The ride to Agen was astonishingly boring. I realize how important it is to French people to eat what's grown locally and as we passed field after field of sunflowers, I began to worry. I mean, sunflower seeds are okay for a snack, but... There was also no place to right myself during the two hours to Agen, and although we slowed down quite a bit for construction on the way, we picked up towards the end and I was nauseous by the time I got off the train. Here, I was going to spend the money I had left on a sandwich. Of course, that required my finding something better than the buffet du gare, which looked skanky. I rolled my bag around the immediate area, but there was, much to my surprise, nothing but real estate agents along the street. Was I in France? Where were the bakeries? I never found out; I walked over to an old church, but there was nothing around there, either, so I reluctantly went back to the station and claimed a ham-and-cheese sandwich. It was quite good, although French ham still puzzles me, a subject for further discussion some other time.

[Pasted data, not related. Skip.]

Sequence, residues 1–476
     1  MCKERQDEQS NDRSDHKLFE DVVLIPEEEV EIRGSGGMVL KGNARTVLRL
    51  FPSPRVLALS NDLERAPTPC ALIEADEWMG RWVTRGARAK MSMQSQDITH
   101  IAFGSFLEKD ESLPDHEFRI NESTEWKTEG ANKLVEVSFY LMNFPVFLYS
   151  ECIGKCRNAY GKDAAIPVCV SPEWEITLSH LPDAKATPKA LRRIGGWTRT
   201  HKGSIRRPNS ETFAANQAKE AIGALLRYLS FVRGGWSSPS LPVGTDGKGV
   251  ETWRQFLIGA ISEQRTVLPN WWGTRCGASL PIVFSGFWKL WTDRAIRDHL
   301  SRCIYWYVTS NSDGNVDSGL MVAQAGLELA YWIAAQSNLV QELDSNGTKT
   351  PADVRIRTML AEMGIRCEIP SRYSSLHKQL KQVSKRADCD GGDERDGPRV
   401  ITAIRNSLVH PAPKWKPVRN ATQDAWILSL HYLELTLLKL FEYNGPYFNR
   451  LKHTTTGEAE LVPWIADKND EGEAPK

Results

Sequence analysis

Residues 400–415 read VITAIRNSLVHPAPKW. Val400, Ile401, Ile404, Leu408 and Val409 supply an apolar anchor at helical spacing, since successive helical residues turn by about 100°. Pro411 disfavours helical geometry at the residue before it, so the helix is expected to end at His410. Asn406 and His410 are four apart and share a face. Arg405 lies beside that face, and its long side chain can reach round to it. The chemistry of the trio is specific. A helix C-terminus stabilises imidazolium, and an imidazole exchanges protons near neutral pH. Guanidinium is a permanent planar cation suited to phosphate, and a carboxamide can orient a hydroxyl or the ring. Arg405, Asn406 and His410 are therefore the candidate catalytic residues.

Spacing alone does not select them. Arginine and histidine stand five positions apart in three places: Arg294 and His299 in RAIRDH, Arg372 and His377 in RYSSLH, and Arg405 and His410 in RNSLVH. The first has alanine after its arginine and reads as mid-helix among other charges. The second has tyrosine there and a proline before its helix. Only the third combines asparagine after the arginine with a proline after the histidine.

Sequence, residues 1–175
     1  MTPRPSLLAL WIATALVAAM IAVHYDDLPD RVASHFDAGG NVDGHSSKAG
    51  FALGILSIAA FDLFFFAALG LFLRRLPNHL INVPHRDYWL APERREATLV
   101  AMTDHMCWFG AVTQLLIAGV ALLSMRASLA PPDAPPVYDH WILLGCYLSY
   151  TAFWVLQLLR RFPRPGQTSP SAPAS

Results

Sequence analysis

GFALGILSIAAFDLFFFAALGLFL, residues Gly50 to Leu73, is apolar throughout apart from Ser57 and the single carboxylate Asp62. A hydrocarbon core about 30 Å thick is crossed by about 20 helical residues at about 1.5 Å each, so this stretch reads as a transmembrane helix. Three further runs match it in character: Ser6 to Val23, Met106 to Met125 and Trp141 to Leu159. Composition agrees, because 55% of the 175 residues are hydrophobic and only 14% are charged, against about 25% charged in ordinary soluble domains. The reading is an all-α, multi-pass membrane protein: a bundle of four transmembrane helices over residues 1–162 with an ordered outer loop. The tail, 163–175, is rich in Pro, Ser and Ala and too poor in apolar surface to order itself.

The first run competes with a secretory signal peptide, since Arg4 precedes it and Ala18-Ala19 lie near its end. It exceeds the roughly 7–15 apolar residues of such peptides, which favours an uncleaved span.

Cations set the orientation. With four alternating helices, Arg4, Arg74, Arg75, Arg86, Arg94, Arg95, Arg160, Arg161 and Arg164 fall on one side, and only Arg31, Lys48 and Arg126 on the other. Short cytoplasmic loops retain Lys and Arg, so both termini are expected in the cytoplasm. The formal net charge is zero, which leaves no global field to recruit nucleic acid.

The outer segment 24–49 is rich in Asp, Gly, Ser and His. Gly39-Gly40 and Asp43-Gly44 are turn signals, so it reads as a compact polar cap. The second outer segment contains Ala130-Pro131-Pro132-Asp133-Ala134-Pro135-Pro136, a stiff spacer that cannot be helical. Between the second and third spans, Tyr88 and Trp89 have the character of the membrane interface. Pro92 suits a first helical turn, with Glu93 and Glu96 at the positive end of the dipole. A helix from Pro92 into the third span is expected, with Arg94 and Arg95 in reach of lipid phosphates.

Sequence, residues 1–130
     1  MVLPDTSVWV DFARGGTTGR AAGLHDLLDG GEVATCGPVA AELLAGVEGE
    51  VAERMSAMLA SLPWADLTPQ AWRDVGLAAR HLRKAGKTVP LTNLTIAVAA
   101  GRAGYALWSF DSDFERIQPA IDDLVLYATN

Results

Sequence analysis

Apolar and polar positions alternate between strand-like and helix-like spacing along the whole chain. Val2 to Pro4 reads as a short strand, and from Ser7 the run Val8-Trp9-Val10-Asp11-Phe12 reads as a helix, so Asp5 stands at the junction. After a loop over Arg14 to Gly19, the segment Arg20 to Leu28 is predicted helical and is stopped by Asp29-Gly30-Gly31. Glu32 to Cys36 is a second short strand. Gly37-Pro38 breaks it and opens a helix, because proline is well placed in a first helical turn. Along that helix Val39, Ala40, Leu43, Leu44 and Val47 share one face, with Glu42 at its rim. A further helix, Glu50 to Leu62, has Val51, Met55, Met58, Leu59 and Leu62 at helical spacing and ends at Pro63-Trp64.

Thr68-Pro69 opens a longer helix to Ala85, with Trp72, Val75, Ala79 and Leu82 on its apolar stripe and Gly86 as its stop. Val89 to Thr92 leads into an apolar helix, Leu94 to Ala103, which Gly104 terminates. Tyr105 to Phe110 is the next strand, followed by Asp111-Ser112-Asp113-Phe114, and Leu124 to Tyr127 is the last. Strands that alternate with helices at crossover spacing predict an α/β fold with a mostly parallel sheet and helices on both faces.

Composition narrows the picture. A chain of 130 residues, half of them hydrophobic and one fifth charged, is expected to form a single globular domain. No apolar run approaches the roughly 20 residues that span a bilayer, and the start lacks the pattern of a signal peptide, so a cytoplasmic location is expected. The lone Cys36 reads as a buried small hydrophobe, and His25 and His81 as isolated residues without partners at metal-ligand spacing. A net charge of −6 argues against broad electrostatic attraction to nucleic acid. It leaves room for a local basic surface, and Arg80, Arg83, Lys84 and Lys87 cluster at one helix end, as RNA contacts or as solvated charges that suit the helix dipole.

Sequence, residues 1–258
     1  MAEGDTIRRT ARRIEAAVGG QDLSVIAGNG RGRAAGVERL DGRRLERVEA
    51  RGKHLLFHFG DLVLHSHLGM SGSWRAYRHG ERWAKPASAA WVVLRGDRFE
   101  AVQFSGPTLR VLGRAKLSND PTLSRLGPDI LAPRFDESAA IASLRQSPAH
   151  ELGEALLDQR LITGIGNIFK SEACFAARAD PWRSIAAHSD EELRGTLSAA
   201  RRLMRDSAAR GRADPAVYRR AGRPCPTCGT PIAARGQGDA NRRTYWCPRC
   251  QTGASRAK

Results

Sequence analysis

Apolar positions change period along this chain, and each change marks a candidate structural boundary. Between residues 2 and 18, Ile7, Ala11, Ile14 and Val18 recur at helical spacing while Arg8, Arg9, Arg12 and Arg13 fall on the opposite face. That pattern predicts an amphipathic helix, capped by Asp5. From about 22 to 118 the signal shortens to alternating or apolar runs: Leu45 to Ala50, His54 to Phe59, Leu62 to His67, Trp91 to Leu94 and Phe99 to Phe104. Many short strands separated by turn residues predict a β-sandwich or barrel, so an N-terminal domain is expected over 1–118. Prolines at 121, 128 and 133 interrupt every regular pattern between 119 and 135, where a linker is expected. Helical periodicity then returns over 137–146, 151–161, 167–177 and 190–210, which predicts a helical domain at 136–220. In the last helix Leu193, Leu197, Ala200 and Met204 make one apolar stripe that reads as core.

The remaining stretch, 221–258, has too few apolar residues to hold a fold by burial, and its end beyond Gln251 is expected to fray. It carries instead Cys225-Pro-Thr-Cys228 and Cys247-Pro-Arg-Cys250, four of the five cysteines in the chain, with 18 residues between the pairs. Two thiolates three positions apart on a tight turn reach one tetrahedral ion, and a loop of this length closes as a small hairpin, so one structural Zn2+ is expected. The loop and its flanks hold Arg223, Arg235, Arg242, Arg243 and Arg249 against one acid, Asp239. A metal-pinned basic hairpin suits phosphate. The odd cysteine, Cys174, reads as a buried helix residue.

The train to where I was going, a town called Les Eyzies, was barely the size of a Montpellier tram, and similarly shaped, almost a capsule on wheels. The monotony of sunflower fields (I should have noted that a few weeks ago this would have been a more cheerful monotony, but sunflower fields all die at the same time, with the heads all pointing the same direction, which is creepy, although the farmer, who's after the seeds in those heads, finds it convenient) gave way to a more varied landscape, with hills and the odd astonishing structure whizzing by. There seem to be a lot of old chateaux and castles and churches out there, and I'll have a chance to find out more before long.